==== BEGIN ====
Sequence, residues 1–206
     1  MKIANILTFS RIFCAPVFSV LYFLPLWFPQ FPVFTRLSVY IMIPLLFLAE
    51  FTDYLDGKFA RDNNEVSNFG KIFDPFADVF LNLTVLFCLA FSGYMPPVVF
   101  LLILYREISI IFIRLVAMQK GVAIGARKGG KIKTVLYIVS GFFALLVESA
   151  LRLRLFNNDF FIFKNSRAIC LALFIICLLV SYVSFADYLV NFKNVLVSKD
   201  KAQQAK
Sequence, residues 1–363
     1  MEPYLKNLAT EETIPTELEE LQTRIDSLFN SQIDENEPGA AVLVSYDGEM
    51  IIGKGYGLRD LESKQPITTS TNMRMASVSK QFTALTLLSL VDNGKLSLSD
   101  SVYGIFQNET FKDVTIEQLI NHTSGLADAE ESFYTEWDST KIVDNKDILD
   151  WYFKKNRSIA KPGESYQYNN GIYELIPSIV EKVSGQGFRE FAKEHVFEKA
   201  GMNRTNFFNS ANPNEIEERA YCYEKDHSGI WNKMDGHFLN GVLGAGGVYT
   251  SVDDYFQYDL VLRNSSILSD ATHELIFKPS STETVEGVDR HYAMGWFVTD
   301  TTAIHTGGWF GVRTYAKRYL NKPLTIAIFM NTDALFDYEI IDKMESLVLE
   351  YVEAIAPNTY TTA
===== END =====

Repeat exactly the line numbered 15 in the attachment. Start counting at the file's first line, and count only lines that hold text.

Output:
   351  YVEAIAPNTY TTA